Welcome to Brain Clutter. You will find pages of content to clog your brain including videos, photography, and reflections on Politics, Nature and Society. Enjoy.

Dr. Stubberfield’s COVID-19 Quarantine Environmental Issues Course

This site and its posts contain videos, images and recordings to further illustrate points often left unsaid. Students are free to interpret the artwork and presentations as they will and it is hoped that this will support student development.

Welcome to Brain Clutter’s COVID-19 Quarantine Course page for PSCI/UAP 3344: Global Environmental Issues. This page displays information relevant to enrolled students in Dr. Alex Stubberfield’s Global Environmental Issues section offered through Virginia Tech. Students should refer to the course syllabus provided on Canvas for an orientation to the course assignments, dates, readings and aims.

This page contains links to blog posts that help elucidate the readings for the week. As a reminder, this course is reading and writing intensive and students are expected to keep up with their assignments independent of course publications on this page. Additionally, students will post to the course page in teams, every week beginning the week of 2/22-2/26/21 . The Professor will organize teams the week of 2/1-2/5/21 and it is expected that these teams will not change further. Please treat the site and others respectfully as you navigate its content and formulate your opinions concerning some of the most pressing issues of our age.

Take a look at the picture featured on our page and reflect. This was a photo taken by me, Dr. Alex Stubberfield, at the $1,500,000,000+ Gardens by the Bay exhibition in Singapore. We will reflect on what it means to live in the Anthropocene throughout this course and its aim is to equip you, the student, with innovative tools for formulating and writing your own perspectives concerning our global environment. As such, this course already assumes that we inhabit a planet in which segments of humanity have intervened in the organic economies of planet Earth. I will not argue further that we do indeed inhabit times and spaces characterized by accelerated global change and it is expected that enrolled students will have an interest in those processes by the end of the course.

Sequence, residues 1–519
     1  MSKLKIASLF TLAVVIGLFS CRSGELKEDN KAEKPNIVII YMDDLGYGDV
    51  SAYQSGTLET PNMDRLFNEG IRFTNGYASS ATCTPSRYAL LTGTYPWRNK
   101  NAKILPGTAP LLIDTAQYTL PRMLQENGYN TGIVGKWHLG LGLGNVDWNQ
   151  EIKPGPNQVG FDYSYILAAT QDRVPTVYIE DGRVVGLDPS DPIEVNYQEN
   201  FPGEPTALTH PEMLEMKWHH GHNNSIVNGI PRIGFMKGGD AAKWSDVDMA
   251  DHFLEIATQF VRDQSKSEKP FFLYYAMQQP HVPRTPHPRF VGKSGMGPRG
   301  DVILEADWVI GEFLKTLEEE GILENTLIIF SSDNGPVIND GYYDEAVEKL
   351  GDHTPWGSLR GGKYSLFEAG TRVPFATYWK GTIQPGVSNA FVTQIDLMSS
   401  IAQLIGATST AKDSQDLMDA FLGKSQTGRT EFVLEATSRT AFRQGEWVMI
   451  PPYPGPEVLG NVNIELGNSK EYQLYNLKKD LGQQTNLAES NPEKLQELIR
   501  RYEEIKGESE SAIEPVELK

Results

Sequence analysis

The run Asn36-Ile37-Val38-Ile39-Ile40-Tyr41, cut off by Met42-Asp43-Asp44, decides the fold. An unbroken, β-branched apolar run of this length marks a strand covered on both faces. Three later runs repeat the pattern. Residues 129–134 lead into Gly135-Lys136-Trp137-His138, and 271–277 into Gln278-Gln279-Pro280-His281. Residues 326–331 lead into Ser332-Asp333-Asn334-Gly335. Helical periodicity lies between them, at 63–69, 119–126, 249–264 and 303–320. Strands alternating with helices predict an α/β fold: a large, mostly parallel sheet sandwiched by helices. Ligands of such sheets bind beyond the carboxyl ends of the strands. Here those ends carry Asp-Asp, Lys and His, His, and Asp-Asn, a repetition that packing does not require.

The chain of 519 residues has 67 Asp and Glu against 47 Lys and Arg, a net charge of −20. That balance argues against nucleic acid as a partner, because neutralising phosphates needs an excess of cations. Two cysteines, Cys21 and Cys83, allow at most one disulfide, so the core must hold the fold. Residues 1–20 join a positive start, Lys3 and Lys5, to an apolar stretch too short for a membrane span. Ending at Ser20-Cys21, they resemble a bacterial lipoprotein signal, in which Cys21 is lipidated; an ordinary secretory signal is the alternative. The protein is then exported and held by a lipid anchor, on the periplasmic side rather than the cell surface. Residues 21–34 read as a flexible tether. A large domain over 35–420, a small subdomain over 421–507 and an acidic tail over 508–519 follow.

This is a “Supertree” from Singapore’s Gardens by the Bay and illustrates the entanglement of “technological” and “natural” systems.
We will explore human-nature entanglements throughout this course as a method of political ecology. Political ecology studies, for the purposes of this course, how politics is enmeshed in the construction and administration of ecosystems.
Gardens by the Bay, in the video above is a depiction of human-nature relationships and, as such, is a part of a representational politics that can be explored throughout the course.

This course, however, does not directly explore examples or the results of global change, but instead questions and theorizes the foundations of the issues it presents. Where do we – this class – fit into the picture of global change? Is global change a global responsibility? Will more science and technology solve the problems presented by global change? What of industry, economy, culture, politics; will these have to change as our environment does? Do we all inhabit the same “environment,” or even “environments,” and what political, and moral implications does this have? Students may expect readings attempting to answer the questions above, and more but we, in this course and in our lives, ought to cultivate a critical sensibility to what we read, how we write, and how our answers are formulated to these questions. As this class argues, the answers to the above will have real and material effects that may leave indelible evidence of human history within the lifeforms of Earth and possibly beyond Terra.

The Offspring’s “Not the One” provocatively explores the notion of global inheritance and intergenerational responsibility. It is we the living who must deal with the actions of the dead with an eye to the future. But is what does this mean politically?